Congressman Pete Stark (D-CA) has introduced a bill that would restrict federal funding for states with adopion or foster care laws that discriminate on the basis of marital status, sexual orientation or gender identity.
"On any given day, there are approximately 500,000 children in the child
welfare system. Over 125,000 of these abused and neglected children
are waiting to be adopted. There is an acute shortage, however, of
adoptive and foster parents. The result is that many children,
particularly minority and special needs children, languish in foster
care without permanent homes. The severe developmental, emotional, and
educational costs to children raised in foster care are well
documented. The 25,000 youth who never find a permanent family and
“age out” of the system each year are more likely than nearly any other
group to become homeless, incarcerated, or suffer with mental illness
or substance abuse.
"Despite the shortage of adoptive and foster parents and the terrible
consequences of long stays in the child welfare system, some states
have enacted discriminatory bans prohibiting children from being placed
with qualified parents due to the parent’s marital status or sexual
orientation. Currently, over 65,000 adopted children and 14,000 foster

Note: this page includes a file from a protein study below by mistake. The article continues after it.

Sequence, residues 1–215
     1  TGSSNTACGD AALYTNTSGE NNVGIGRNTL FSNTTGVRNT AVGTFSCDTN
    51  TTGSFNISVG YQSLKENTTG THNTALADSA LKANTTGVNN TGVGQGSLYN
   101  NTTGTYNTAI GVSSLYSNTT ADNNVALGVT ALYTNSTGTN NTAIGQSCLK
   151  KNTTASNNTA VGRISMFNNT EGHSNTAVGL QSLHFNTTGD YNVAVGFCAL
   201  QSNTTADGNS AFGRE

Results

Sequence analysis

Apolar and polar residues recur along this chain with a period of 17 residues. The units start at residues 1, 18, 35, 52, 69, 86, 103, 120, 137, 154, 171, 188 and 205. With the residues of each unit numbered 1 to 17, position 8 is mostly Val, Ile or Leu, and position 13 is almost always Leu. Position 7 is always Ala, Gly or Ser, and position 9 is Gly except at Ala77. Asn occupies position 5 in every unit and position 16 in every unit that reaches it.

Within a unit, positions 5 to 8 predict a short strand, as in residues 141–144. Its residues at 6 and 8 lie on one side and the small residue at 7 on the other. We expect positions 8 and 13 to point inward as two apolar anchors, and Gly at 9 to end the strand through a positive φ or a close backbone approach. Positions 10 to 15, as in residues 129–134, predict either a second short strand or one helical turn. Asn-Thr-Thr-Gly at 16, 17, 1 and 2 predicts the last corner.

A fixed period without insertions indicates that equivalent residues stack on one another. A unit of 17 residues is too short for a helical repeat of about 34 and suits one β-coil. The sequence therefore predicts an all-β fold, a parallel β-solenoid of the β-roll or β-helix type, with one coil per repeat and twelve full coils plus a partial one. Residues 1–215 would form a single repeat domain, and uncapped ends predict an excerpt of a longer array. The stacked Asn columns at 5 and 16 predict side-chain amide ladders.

children are living with a gay or lesbian parent. Studies suggest that
upward of 2 million gay and lesbian individuals are interested in
adopting or fostering a child. Yet, statewide discriminatory bans and
the practices of individual adoption agencies have resulted in fewer
children being placed in safe and permanent homes.
"Congress invests over $8 billion in the child welfare system each year
and we should not accept policies that use Federal funds to enact
barriers to adoption and close the door to thousands of potential
homes. Multiple studies have found that adopted and foster children
raised by gay and lesbian parents fare just as well as their peers
being raised by heterosexual parents.
"When considering a potential placement for a child, the only criteria
should be what is in the child’s best interest and whether the
prospective parents can provide a safe and nurturing home. Bigotry
should play no part in this decision."
Stark's bill is called the 'Every Child Deserves a Family Act'. According to the Washington Blade, "The legislation, Stark said, also would restrict funds for states
where restrictions are put in place by agencies, individual social
workers or judges, or where restrictions are part of the common law of
the state. For states that don't comply with the law, federal officials
could withhold from the states funds provided to them for child welfare
services. The bill also calls for a Government Accountability Office
study within five years to examine how states are complying with the
new rules. The bill is modeled after the Multi-Ethnic Placement Act, a law
Stark helped shepherd through Congress in 1994 that prohibits racial
discrimination in foster care and adoption placements."
Stark's bill currently has no co-sponsors, though it does have the backing of House Speaker Nancy Pelosi: "Pelosi shares the view of child welfare groups that children 'should
have the security of two fully sanctioned and legally recognized
parents, whether those parents are of the same or opposite sex.'"